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Friday, August 15, 1997, 5 p.m. CDT
08.15.97
 
STATUS REPORT : STS-85-19
 
 
STS-85 Mission Control Center Status Report # 19
 
 

Flight day nine activities aboard Discovery today saw the STS-85 crew support the last test of ground commanding capability of a small robotic arm, final data collection and deactivation of several science experiments and a checkout of the equipment that will support satellite retrieval operations Saturday.

Commander Curt Brown, Pilot Kent Rominger, Mission Specialists Jan Davis, Robert Curbeam and Steve Robinson, and Canadian Payload Specialist Bjarni Tryggvason are in an eight hour sleep period and will awaken at 10:41 p.m. CDT.

Friday, Davis watched over the Manipulator Flight Demonstration experiment while Japanese investigators again maneuvered the Small Fine Arm remotely from a control room near Mission Control. This final test completed all of the planned objectives for the prototype of an arm that will be used at the end of a larger Japanese Experiment Module (JEM) arm on the future International Space Station (ISS). Shortly before going to sleep, the crew received a musical thank you -- part of the song "Mr. Robot" by the group Styx -- from the MFD team in Mission Control.

Robinson completed final data takes with the Southwest Ultraviolet Imaging System (SWUIS), mounted to the inside of the middeck hatch window, to observe Comet Hale-Bopp. Today’s data, along with information gathered during three previous sessions, will help investigators understand what the comet is made of and how it is being affected by the solar wind.

Curbeam completed his work with the Bioreactor Demonstration System. More than 30 data runs with human colon cancer cells were completed. Future research on the ISS may reveal a way to halt the growth of these cells or kill them in the human body.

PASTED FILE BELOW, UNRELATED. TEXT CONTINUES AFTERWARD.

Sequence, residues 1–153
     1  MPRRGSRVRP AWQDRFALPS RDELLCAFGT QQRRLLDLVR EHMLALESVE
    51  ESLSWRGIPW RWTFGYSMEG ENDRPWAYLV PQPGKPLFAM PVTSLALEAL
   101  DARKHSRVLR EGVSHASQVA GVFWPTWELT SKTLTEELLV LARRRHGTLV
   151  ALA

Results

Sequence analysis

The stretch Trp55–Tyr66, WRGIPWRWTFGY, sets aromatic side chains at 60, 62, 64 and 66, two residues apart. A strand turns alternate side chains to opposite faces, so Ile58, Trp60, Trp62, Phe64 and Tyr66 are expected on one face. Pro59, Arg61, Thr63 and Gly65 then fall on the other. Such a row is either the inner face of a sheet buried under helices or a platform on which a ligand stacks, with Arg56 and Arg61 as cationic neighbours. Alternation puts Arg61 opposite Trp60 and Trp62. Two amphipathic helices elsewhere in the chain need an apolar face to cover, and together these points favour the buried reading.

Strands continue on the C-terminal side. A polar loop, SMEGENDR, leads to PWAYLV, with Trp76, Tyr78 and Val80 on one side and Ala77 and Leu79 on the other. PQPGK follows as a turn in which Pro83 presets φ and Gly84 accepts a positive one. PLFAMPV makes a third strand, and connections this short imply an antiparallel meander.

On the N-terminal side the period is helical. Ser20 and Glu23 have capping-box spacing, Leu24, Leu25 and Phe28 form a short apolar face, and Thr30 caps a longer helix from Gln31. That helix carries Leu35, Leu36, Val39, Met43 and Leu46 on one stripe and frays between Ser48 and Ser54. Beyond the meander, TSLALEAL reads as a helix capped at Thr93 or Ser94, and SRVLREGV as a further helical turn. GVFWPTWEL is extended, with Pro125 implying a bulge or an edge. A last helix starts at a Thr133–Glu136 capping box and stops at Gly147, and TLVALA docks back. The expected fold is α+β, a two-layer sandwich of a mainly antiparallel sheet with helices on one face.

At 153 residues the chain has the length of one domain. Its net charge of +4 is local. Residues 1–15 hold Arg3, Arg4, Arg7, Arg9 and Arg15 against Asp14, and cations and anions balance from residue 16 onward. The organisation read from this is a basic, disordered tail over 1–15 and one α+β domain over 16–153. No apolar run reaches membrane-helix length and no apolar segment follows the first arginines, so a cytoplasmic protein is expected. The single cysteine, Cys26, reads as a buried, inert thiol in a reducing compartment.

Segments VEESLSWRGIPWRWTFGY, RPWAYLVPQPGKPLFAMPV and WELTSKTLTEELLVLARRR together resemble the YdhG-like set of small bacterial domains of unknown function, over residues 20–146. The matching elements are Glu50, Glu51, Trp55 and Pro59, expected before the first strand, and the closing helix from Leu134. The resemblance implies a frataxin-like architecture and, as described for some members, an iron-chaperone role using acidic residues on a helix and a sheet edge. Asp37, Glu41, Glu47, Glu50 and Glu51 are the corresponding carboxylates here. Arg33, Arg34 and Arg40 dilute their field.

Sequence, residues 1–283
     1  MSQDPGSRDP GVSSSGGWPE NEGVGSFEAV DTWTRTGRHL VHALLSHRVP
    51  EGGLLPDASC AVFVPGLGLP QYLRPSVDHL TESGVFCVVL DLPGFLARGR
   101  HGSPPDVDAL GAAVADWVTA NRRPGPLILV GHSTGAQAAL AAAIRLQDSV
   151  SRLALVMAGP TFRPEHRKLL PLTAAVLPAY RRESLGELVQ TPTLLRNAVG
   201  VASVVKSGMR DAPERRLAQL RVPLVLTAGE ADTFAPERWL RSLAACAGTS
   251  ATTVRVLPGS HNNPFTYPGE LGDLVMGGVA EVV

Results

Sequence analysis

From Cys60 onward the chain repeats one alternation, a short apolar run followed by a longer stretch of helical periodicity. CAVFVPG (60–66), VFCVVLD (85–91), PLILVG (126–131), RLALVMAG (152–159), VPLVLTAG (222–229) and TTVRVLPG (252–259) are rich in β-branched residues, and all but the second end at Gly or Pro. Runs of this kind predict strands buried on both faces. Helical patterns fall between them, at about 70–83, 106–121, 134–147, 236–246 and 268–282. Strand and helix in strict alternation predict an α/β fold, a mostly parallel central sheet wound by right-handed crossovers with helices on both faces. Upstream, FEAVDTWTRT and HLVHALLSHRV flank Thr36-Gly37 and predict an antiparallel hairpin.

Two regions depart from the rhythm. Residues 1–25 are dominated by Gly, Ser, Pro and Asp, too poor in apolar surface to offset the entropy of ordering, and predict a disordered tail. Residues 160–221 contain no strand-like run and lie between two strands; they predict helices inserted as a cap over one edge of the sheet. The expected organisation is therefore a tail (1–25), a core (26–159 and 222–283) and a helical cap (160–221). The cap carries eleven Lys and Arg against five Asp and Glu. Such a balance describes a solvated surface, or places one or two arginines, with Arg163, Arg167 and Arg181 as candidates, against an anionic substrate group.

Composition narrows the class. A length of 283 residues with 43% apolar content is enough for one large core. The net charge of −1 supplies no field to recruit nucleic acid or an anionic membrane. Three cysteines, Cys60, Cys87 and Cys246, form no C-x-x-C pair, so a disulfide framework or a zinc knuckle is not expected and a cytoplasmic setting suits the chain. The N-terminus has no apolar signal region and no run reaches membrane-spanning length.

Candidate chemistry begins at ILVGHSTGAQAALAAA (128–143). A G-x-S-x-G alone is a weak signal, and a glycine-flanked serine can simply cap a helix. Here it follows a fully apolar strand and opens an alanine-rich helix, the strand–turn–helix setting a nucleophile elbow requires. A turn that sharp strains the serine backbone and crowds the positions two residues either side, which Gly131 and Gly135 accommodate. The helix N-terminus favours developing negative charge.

Tryggvason spent his day gathering data with the Microgravity Vibration Isolation Mount (MIM) experiment. The experiment, designed to gather data on how to protect sensitive microgravity processing experiments from spacecraft operation vibrations, is a more advanced version of one that has been flying on Space Station Mir for more than a year.

With landing scheduled for Monday, Brown and Rominger conducted routine communications checks with ground stations in Florida and California to ensure a good link when Discovery is on final

approach to the runway. Forecasters predict favorable conditions for the single landing opportunity

available at the Kennedy Space Center on Monday. While the actual landing time is likely to change following tomorrow’s rendezvous and retrieval of the CRISTA-SPAS satellite, Discovery is expected to touchdown in Florida about 6:14 a.m. CDT.

On Mir today, the Commander Anatoly Solovyev, Flight Engineer Pavel Vinogradov and NASA Astronaut Mike Foale took a brief ride in their Soyuz spacecraft, relocating it to a different docking port. The Mir 24 crew undocked from the Kvant-1 module at 8:30 a.m. CDT and redocked to the transfer node 44 minutes later at 9:14 a.m. CDT. During the fly around, Vinogradov took still photos and Foale recorded video of the damaged Spektr science module, its solar arrays and other parts of the station. Downlink of the video is not expected until Monday.

The next scheduled shuttle status report will be issued about 6 a.m. on Saturday.

 

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